And here’s the thing –  if you’re at all interested in the art scene (that’s fine art, quilt art, visual art, musical art, theater art, costume art or culinary art), the choices you have are out of this world. This is a tiny town, folks – and the quality of the art here is outstanding.

This is a fabulous time of year to come hang out in La Conner – grab your fleece and come on over. We’ll all be by a fire, sipping a glass of wine and noshing on spiced pumpkin seeds (from local pumpkins, of course!). Hope to see you soon.

p.s. If you can’t come in October but early November is free for you, Arts Alive! is one of our annual signature arts events. You can find more details by clicking on the Chamber of Commerce link above.

Posted by: thelctownie | September 8, 2011

Currents and Tides and Docks, Oh My!

My husband and I are the owners of a 30’ sailboat. Like many boating couples, the captain of our boat grew up on a boat. He learned how to start, stop, dock, maneuver in tight quarters, set an anchor, snag a buoy, handle strong currents and tide changes – all the things that boaters need to know how to do.

I, on the other hand, fell in love with boating from a passenger’s point of view. The sun on my face, a beverage in my hand, and someone else doing all of the work. That’s my kind of boating.

I’ve come a long way since we bought our very own boat. While I’d still rather be nothing but a passenger, out of necessity I’ve learned enough to be a semi-competent first-mate. No, I haven’t yet learned to dock our boat. Nor have I gotten the hang of sailing in anything other than a gentle breeze (that would be a very gentle breeze…).

What I have discovered, however, is that I have become somewhat of an expert in critiquing other boaters. I admire those boating families who seem to have it all together – who know exactly what they are doing and work together as a finely tuned team. And I find great amusement in watching boaters who – like us – sometimes find themselves in a bit of a pickle.

As an example – not long ago we were sitting on the deck at the La Conner Tavern (fondly known to the locals as ‘the Tav’) eating their famously delicious fish and chips, watching the Swinomish Channel moving along at pretty good clip. When you’re on your boat – in the channel – it’s difficult to really notice how fast the water moves. But watching it from land you begin to understand the challenges presented by fast-moving water.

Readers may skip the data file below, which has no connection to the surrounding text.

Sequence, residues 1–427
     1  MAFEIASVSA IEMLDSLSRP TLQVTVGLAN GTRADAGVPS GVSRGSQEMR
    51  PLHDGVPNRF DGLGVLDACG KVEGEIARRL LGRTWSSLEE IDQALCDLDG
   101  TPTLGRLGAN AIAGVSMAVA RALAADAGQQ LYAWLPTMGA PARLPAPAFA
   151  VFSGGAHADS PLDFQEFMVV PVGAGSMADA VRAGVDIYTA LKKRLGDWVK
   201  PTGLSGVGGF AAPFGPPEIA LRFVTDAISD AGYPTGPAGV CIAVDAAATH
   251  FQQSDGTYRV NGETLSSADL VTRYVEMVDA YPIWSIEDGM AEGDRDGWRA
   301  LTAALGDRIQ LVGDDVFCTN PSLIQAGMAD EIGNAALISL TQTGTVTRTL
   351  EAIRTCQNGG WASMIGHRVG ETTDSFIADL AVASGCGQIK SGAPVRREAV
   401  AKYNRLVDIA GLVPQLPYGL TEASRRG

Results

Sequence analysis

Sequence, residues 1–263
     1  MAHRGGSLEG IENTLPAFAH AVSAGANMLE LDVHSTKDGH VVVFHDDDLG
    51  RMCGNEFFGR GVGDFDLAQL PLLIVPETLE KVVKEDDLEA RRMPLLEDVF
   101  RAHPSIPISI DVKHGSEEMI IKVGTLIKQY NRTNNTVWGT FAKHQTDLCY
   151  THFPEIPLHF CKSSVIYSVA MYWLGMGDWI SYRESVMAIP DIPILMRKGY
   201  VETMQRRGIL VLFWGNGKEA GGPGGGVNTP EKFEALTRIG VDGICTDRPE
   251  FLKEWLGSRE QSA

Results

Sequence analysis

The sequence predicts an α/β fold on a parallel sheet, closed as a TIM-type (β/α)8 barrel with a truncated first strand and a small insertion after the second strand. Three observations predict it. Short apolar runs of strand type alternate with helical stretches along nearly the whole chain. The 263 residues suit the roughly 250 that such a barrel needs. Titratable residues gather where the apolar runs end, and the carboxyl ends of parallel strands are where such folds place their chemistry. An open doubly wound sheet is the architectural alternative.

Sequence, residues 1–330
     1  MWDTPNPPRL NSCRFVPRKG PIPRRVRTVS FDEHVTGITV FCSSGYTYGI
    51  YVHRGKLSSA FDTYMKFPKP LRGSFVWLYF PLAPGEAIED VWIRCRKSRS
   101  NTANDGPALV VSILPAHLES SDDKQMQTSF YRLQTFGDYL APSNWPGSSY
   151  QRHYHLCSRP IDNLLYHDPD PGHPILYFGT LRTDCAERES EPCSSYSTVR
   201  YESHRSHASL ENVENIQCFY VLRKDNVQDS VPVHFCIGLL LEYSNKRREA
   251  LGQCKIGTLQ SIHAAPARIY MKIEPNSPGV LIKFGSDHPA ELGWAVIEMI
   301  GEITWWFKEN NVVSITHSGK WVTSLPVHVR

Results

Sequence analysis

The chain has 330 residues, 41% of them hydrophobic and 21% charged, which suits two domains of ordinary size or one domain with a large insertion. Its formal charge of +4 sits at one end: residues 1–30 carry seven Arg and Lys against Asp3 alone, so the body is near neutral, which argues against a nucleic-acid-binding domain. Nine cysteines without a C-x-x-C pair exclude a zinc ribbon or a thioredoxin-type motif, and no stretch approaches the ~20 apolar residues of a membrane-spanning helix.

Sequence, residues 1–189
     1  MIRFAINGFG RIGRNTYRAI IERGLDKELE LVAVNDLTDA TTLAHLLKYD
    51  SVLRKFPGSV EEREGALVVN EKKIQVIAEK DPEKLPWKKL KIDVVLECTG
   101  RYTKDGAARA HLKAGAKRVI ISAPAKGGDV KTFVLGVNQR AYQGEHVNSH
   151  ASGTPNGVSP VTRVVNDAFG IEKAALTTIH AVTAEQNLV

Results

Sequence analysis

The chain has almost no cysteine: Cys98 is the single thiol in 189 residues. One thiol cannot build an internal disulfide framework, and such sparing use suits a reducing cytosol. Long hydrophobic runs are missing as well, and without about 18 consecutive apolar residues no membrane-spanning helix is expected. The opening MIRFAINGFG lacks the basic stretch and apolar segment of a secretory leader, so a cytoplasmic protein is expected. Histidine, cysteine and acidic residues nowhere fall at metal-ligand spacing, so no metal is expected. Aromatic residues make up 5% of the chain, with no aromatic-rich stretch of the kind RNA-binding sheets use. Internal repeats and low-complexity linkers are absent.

On this particular late summer evening, a small powerboat with several young men (who were clearly on vacation) came down the channel, heading for a spot on the dock outside the Tav’s windows. Full of bravado (and we presumed beer), they attempted to dock their boat. Several times, in fact. At first they laughed and tried again. But each time they got close, and revved up their engine to force their boat into the dock, the current would snag the boat and push them away. With each try they got madder. They yelled at each other and each took a turn at trying to dock. And then they noticed all of us, calmly munching on our dinners – watching them fight the current. After realizing we were all enjoying watching their antics, they turned their boat around and headed back up the channel without ever setting foot on the dock.

Within about 3 minutes of their departure, a lovely little boat came down the channel, headed for the same spot on the dock. But this boater knew his channel. He simply overshot the spot by about 30 feet, swung his boat around, and then let his boat catch the current and quietly drift right into the spot on the dock.

No fuss, no muss, thank-you-very-much Mrs. Magillicutty. It was the most beautiful feat of docking I had ever seen. Whereupon everyone at the Tav looked around, smiled at each other, nodded in approval, and went back to eating.

As a semi-competent boating critic, I chuckled over the powerboat full of young men. I also swooned over the local boater who so easily maneuvered the channel to dock his little boat in about 60-seconds flat. Because, you see, I’m a much better critic than I am a boater. Or was … until I realized that I’d never be able to dock like that. Never-ever.

But what was really struck a chord with me was what happened next. The gentleman who so gracefully docked his boat then came up the ramp and walked into the Tav, waved to some friends and then sat down with them at the table next to us. He crossed one long leg over the other, folded his hands on his lap and acted as if he’d just parked a Volkswagen Bug in a 40’ garage.

Several other diners who had witnessed this docking feat smiled and sheepishly mentioned to him that they always found docking on the Swinomish Channel just a bit intimidating … whereupon he spent the next 30 minutes offering terrific tips for successfully docking in the channel, regardless of how the current is running.